Summary: Both exceptional and everyday experiences with the living Christ are good and necessary in accomplishing God’s work in and through us.

Title: Drama and Diligence

Text: Acts 9:1-22

Thesis: Both the exceptional and the everyday experiences with the living Christ are valid and necessary in accomplishing God’s work in and through our lives.

The Season of Easter Series: When Jesus Shows Up

During the Season of Easter we celebrate the resurrection of Christ as he shows up in unusual and unexpected ways.


On August 12, 2008 Chuck Colson reflected on his conversion to Christ. He wrote: “A lot of people have asked me what I think when I remember back to that hot, humid August night in 1973 when Tom Phillips, then president of Raytheon Company, witnessed to me in his home. I left his house that night shaken by the words he had read from C. S. Lewis’s Mere Christianity about pride. It was as if Lewis were writing about me, former Marine captain, Special Counsel to the President of the United States, now in the midst of the Watergate scandal. I had an overwhelming sense that I was unclean.

After talking to Tom, I found that when I got to the automobile to drive away, I couldn’t. I was crying too hard – I was not one to ever cry. I spent an hour calling out to God. I did not even know the right words. I simply knew that I wanted Him. And I knew for certain that the God who created the universe heard my cry. (Dell’s Descants, Thirty-Five Years in the Light: Reflections on My Conversion, Chuck Colson, August 12, 2008,

Everyone who professes to be a follower of Christ has a story. Some stories are dramatic while others are not so much. So when Jesus shows up we may or may not be surprised. In our text today we see that Jesus appeared to two different men in quite different ways:

One encounter was dramatic and life transforming.

The other encounter was not so much, but resulted in the diligent doing of God’s will and work.

One encounter may be understood to be rare and exceptional.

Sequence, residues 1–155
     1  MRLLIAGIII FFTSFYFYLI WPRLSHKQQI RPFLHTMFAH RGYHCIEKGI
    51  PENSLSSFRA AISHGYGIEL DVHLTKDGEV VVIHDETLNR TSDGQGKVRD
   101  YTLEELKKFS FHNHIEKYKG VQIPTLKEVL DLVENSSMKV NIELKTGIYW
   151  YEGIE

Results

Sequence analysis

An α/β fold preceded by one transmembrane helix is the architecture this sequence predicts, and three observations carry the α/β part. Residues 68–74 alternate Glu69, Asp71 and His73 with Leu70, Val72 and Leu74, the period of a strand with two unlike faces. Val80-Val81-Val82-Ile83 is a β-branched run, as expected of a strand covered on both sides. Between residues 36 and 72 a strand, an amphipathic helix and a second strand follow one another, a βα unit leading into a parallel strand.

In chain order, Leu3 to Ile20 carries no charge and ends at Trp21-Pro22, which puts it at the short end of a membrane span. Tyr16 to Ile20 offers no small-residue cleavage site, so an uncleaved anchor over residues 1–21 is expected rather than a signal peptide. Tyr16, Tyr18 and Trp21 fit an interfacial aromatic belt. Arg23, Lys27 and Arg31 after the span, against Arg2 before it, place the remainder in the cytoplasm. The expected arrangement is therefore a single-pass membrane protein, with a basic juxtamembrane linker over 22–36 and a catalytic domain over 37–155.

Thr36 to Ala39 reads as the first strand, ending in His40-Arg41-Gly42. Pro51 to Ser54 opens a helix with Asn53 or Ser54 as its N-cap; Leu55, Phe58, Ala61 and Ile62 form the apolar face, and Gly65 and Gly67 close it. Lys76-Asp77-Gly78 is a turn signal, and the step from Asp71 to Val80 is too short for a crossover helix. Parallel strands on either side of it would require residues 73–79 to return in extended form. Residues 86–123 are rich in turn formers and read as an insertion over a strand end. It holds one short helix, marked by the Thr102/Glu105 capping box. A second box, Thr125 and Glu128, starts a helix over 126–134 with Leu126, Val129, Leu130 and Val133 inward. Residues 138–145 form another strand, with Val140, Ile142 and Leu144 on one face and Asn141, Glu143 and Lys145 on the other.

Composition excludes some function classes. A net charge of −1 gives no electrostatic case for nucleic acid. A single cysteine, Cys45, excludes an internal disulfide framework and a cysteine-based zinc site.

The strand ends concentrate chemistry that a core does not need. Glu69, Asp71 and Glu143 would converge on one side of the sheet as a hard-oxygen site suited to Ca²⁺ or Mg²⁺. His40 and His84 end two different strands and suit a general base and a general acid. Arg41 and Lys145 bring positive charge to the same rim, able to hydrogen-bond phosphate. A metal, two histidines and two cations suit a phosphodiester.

The other encounter may be understood to be the norm and everyday.

Both the exceptional and the everyday experiences with the living Christ are good, valid and necessary in accomplishing God’s work in and through our lives.

In our story today a man named Saul had an exceptional encounter with the risen Christ and it was an arresting shocker.

I. When Jesus confronts us, we may discover that we are sincerely misguided and wrong.

As he neared Damascus on his journey, suddenly a light from heaven flashed around him. He fell to the ground and heard a voice say, “Saul, Saul, why do you persecute me?” “Who are you Lord? Saul asked. “I am Jesus, whom you are persecuting.” Acts 9:1-6

When Jesus interrupts us, it is a good and gracious thing, however in Saul’s case it had to be both shocking and frightening.

1. When we are (so forcefully and/or dramatically) confronted with our error it is shocking and embarrassing. Paul might have wondered, “How could I be such a dope? What was I thinking?”

Of course at the time he thought he was a good and godly guy and doing a good and godly work. But he wasn’t.

2. When we are (so forcefully and/or dramatically) confronted with our error it is frightening. Paul might have wondered what the consequences of his error meant in the lives of the people he had hurt and he might have wondered what God was going to do about it? When you mess up as badly as Saul had messed up there are generally consequences. Was blindness his punishment?

In my devotional reading for the fifth week of Easter I picked up this quote: “…let this story prompt reflection on the ways God has intersected your life, turning you around and sending you in new directions. His resurrection power can transform the lives of even those dead set against him. (Bobby Gross, Living the Christian Year, P.213)

Confrontational moments are also transformational moments. God is at work choosing and changing us.

When confronted, what is the best way to respond?

II. When Jesus confronts us with the error of our ways, the wisest thing to do is, do what he says.

Jesus said, “Now get up and go into the city, and you will be told what you must do.” Acts 9:6-9

Saul’s encounter with Jesus had a profound effect on him.

1. He was blind and had to be led by the hand.

2. He was so upset that he lost his appetite… he did not eat or drink anything for three days.

When our lives are dramatically disrupted it is not uncommon for us to react. Saul did not eat or drink. Sometimes we cannot sleep. Some of us may become irritable and edgy. Some of us cry. Some of us become reclusive. We, like Saul, can feel helpless and at a loss as to what to do…

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